Yesterday, a Delaware state court judge ruled an aviation repair-services company can’t enforce a fee-shifting bylaw against a plaintiff investor who was forcibly cashed out before the bylaw’s adoption. This is not only a case of first impression but a critical ruling as Delaware considers banning fee-shifting provisions in company by-laws entirely.
In granting the plaintiff's partial summary judgment motion, the judge said the company won’t be able to shift its fees to the Plaintiff even if the company ultimately prevails at trial as the fee-shifting provision was adopted by the company's board of directors after the plaintiff shareholder had been forcibly cashed out of his stock. Both Defendant First Aviation Services, Inc. and plaintiff Robert Strugo agreed that the question was an issue of first impression in Delaware, the judge noted.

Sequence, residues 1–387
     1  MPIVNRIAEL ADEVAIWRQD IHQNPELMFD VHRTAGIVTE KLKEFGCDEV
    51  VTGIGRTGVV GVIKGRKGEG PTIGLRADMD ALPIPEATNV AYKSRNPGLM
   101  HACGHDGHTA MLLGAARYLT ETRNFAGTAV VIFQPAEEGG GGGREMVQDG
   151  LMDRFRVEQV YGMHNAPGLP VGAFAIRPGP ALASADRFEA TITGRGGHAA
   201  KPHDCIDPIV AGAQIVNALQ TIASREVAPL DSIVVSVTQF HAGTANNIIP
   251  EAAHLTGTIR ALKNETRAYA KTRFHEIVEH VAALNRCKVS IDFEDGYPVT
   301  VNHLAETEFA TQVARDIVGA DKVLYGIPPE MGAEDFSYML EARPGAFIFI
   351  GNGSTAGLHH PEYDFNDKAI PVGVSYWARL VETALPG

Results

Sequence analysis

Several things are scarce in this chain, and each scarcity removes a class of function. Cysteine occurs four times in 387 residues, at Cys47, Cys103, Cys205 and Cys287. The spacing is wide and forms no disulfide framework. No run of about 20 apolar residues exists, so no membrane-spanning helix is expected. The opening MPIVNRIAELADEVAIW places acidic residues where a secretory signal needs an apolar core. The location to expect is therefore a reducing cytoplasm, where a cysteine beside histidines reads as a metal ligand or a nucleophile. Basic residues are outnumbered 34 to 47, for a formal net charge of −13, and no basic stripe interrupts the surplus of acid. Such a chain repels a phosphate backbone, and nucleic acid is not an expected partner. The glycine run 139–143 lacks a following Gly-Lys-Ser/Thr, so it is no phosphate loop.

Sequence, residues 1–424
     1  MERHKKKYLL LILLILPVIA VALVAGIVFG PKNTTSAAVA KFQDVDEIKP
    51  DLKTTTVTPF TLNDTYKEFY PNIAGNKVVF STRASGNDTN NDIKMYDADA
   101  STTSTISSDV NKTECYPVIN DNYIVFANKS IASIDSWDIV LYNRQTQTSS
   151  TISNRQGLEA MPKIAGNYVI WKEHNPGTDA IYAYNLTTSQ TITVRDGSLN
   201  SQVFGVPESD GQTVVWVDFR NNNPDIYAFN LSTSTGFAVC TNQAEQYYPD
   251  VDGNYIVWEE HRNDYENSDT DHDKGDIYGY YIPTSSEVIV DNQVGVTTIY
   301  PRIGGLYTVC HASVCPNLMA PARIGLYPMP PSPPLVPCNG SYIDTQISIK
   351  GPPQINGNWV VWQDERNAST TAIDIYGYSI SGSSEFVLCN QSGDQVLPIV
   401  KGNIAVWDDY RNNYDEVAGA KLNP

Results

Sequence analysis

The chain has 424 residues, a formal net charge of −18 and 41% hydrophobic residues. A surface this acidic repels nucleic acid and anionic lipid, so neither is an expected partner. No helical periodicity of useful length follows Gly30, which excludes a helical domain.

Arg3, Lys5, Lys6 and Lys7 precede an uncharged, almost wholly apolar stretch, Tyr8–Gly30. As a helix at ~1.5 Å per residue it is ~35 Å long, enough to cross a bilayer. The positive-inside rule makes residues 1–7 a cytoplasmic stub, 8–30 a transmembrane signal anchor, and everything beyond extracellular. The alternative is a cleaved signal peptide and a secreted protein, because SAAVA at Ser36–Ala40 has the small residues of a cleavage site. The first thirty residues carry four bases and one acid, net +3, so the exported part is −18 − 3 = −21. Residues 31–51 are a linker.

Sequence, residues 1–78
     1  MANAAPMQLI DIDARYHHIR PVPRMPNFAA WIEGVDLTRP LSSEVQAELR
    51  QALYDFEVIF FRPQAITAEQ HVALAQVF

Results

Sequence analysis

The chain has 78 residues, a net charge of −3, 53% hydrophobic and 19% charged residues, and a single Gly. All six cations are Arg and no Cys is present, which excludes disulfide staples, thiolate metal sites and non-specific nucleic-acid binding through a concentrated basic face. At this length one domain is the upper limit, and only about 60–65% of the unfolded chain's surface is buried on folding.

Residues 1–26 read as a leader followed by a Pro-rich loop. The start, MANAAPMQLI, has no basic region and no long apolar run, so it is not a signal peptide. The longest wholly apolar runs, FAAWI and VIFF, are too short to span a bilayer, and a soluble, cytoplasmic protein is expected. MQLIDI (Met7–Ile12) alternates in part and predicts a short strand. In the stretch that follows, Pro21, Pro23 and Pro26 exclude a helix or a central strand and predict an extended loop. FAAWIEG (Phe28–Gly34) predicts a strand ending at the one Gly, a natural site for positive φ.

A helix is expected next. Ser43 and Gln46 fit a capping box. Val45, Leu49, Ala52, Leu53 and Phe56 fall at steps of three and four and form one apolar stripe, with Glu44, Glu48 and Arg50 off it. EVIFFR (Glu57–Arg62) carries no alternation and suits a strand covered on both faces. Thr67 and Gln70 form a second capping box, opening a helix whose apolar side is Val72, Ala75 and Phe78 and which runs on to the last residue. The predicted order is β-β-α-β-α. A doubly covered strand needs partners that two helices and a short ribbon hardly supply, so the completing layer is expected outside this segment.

Recent fee shifting provisions inserted in company by-laws has and will continue to have a chilling effect on stockholder lawsuits and a Delaware Court in the ATP Decision found not only were the by-law changes legal but that the shareholder would be liable for the defendant company's fees and cost should the Plaintiff not prevail on 100% of their claims. A strong challenge is being mounted by Plaintiff attorneys and pension funds to overturn the fee-shifting provision ruling.